29. While driving in the car, have your child find things that are the color red or things that are purple (this will work for any color).
30. Using a map, have your child find where you are on the map. Then have them tell you where other places are that you’re going to be near (such as gas stations, restaurants, parks, etc).
31. While in the car, have your child find shapes in the clouds.
32. While in the car and using a map, have your child give directions on how to get somewhere.
33. While in the car and using a map, have your child tell you what traffic lights are currently red and which are currently green.
34. While in the car, have your child find different landmarks (skyscrapers, bridges, monuments, factories, etc).
35. Have your child memorize a poem or short saying (and be sure to explain it thoroughly so they understand it).
36. Have your child point out if an event occurred in the past, present, or future (for example, if I was eating an apple right now, that would be happening in the present. If I was done with the apple, that would be the past.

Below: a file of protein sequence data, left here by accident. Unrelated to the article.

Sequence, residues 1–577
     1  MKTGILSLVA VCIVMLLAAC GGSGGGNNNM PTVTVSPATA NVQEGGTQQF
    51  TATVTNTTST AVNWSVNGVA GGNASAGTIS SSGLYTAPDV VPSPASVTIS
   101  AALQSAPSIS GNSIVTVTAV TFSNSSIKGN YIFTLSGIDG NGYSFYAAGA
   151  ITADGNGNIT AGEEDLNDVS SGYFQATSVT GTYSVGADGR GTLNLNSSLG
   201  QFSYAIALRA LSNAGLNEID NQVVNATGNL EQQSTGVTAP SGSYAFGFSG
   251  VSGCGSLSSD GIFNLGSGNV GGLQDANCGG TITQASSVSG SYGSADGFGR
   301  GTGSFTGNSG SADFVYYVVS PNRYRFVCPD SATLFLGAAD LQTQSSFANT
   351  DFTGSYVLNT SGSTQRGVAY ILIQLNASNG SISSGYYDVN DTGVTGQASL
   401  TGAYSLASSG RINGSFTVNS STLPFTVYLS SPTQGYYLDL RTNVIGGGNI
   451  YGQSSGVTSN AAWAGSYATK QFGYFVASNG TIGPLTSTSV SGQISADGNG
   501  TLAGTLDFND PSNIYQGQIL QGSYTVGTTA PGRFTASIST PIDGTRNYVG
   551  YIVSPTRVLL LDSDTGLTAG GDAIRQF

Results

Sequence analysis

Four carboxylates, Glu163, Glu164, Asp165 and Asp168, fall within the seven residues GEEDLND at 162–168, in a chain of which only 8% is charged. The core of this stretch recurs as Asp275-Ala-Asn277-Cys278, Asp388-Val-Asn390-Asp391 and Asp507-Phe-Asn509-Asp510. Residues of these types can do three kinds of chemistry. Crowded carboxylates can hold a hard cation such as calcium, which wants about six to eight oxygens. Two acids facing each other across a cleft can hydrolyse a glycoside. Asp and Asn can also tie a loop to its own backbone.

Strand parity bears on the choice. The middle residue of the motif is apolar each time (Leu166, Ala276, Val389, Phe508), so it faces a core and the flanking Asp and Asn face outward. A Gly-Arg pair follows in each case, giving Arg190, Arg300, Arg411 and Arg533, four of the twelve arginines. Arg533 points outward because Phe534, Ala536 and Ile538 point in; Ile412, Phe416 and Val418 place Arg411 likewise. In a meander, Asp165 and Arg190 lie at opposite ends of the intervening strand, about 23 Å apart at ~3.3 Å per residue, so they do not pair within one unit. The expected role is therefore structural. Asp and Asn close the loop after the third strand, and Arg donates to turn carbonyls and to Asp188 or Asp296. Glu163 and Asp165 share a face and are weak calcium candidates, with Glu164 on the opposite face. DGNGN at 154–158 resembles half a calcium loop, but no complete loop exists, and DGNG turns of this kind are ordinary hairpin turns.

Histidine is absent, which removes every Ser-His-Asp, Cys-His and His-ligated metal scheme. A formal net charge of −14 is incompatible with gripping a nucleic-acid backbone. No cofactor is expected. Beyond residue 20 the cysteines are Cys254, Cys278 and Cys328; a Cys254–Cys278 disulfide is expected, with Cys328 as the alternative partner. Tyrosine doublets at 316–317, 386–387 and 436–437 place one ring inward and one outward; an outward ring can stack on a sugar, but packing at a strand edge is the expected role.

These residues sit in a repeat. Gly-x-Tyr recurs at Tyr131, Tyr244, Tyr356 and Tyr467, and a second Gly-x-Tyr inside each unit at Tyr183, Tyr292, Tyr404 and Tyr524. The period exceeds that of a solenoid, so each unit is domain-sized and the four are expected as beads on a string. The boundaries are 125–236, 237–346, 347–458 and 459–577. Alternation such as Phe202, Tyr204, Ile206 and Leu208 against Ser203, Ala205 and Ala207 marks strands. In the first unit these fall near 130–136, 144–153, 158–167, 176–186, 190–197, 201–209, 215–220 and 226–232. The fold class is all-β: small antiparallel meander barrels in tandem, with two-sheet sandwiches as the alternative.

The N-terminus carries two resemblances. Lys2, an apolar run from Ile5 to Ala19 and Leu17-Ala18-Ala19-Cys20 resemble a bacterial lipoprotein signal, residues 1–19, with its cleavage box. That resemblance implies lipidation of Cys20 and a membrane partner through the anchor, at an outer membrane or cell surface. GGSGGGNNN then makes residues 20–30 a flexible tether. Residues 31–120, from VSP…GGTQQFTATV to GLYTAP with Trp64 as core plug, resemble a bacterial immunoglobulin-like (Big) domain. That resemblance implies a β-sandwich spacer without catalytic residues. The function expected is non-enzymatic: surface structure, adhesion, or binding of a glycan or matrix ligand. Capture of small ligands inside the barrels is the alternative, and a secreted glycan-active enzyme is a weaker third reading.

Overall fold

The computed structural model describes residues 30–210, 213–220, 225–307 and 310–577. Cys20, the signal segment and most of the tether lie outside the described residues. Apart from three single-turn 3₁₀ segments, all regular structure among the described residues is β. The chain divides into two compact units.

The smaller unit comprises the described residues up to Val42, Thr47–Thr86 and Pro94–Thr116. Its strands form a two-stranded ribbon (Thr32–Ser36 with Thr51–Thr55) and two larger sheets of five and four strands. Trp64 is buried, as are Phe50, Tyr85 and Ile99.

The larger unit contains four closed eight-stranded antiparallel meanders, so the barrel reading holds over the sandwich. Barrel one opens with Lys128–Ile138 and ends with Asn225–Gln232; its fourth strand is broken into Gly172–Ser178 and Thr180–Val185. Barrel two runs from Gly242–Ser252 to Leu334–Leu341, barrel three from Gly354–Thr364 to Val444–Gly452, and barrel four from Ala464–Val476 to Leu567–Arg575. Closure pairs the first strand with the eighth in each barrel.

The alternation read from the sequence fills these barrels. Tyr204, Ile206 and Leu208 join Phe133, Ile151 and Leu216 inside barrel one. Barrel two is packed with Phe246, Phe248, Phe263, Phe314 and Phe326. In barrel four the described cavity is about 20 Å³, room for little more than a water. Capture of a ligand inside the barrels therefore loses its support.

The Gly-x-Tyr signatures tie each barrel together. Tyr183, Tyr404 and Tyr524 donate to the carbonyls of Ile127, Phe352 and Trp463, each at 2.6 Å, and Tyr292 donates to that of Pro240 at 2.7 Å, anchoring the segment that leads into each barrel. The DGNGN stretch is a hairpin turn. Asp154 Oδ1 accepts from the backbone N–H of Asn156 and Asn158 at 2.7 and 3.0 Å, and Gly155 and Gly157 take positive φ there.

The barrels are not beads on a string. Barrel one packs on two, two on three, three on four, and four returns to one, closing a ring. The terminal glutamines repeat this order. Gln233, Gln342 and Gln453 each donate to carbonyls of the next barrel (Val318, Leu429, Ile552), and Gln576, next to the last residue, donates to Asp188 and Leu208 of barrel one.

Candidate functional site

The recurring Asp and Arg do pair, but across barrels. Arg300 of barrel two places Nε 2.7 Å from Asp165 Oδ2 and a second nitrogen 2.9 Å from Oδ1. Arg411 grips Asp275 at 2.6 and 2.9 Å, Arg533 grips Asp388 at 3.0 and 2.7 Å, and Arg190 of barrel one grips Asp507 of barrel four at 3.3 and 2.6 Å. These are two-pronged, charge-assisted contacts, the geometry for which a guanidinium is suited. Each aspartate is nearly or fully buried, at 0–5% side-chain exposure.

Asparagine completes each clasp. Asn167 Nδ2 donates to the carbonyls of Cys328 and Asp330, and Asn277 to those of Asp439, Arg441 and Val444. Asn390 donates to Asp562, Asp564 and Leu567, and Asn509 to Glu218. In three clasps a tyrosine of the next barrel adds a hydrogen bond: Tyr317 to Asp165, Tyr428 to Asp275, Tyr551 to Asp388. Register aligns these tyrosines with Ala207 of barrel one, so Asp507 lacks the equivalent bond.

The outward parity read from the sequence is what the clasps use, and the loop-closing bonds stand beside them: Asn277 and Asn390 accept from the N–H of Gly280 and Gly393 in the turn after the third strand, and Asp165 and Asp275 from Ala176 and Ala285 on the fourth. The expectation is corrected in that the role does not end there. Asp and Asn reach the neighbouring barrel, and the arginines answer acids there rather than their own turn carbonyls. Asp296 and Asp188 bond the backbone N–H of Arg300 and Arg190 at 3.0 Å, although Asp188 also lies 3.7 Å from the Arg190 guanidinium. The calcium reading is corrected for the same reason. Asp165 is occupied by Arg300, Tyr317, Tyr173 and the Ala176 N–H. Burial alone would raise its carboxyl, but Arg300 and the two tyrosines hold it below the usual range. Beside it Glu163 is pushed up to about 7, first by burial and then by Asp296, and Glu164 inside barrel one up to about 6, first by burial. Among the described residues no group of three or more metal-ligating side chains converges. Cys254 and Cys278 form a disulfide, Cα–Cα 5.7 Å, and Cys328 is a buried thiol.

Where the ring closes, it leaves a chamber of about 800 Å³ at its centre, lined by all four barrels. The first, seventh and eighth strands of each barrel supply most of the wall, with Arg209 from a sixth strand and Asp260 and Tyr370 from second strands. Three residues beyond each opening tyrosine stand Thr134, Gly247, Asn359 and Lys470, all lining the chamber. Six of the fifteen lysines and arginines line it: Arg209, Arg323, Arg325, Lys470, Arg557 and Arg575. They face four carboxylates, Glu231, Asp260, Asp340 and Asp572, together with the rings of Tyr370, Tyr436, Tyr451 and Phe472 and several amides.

If I was about to eat it, that would be the future).
37. Have your child differentiate between when they’re hungry, when they’re bored, and when they’re tired (for example, if they want to eat but they aren’t really hungry, that’s just boredom. If they’re hungry but they’re not really excited to eat, that’s just laziness.
If they’re hungry and excited to eat, that’s a combination of all of that).
38. Look up the history of your town or city and point out buildings in your town or city to show their age.